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Marianne, Louvigny city hall
Marianne is an allegory of French Republic. © AFP
Marianne, Luxembourg Palace, Senate
Under the 3rd Republic, statues and especially busts of Marianne became common, in particular in town halls. © AFP
Marianne, an allegory that has become the symbol of the French Republic.
The first illustration of a woman with a Phrygian cap, an allegory of Liberty and the Republic, appeared during the French Revolution.
No one knows for certain the origin of the name Marianne. It was a very common forename in the 18th century, so Marie-Anne signified the people. But counter revolutionaries also referred to the Republic as Marie-Anne in scorn.
The Phrygian cap, a symbol of liberty, was worn by freed slaves in Greece and Rome. This type of cap was also worn by sailors and galley slaves in the Mediterranean and was adopted by the revolutionaries coming up from the south of France.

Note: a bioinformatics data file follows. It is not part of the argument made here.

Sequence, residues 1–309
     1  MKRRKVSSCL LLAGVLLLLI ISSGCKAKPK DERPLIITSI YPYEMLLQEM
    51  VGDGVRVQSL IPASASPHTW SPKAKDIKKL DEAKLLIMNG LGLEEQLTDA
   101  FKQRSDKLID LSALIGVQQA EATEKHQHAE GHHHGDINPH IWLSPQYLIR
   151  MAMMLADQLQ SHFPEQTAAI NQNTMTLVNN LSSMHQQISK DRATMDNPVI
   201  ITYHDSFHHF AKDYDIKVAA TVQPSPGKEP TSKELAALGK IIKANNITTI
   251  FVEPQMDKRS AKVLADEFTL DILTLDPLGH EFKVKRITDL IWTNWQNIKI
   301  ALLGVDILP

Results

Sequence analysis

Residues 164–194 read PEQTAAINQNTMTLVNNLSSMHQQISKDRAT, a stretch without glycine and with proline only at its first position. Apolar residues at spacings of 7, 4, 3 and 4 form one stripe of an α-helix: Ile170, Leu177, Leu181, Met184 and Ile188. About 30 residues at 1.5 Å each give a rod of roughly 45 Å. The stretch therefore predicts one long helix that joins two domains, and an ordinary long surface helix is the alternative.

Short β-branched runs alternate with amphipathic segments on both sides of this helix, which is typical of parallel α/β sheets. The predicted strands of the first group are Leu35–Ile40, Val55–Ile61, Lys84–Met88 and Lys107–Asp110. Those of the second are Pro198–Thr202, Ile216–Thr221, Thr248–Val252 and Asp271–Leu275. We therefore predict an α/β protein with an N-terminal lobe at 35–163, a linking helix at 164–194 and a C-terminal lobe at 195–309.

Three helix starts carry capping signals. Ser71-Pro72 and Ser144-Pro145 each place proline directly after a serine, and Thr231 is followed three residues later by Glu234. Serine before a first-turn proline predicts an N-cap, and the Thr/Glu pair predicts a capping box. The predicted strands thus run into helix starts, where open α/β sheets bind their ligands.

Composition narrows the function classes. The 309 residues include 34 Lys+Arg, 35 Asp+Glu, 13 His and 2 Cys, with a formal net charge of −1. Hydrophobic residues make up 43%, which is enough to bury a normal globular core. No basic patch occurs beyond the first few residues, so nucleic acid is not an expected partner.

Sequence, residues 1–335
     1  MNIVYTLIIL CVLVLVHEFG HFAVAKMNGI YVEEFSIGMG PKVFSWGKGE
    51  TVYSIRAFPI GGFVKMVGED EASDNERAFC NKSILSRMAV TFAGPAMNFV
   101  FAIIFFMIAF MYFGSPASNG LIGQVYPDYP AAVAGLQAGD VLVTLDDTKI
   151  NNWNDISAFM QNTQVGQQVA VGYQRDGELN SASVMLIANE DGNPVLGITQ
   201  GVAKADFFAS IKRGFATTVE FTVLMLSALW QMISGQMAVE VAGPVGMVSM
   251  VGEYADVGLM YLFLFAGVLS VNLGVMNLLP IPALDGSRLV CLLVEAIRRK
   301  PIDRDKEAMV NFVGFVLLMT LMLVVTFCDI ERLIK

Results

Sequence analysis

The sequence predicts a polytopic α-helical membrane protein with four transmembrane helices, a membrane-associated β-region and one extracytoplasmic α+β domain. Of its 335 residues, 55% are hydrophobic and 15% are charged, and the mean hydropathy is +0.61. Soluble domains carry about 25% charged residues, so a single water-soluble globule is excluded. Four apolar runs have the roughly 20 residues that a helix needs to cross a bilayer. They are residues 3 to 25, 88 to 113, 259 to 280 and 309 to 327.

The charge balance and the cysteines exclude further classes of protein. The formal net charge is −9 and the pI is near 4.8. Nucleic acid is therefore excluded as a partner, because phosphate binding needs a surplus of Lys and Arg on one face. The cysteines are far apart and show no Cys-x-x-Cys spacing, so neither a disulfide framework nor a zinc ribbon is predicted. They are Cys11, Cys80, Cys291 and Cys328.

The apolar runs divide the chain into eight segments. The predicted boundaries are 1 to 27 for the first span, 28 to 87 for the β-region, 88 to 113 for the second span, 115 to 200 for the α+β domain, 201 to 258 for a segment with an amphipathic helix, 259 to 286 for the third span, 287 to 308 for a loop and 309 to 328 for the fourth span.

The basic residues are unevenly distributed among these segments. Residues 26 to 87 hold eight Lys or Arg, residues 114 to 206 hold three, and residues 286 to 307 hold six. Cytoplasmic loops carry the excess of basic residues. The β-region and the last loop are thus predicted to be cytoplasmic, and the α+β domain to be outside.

Under the 3rd Republic, statues and especially busts of Marianne became common, in particular in town halls. Several types of representation developed, according to whether the revolutionary nature or "wise" nature of Marianne was favoured: sometimes the Phrygian cap was thought to be too seditious and was replaced by a tiara or crown.
Since the Liberation of France in 1944, Marianne has taken on the faces of famous actresses: Brigitte Bardot, Catherine Deneuve, Laetitia Casta and Sophie Marceau. Marianne is also shown on objects in very widespread circulation, such as coins and postage stamps.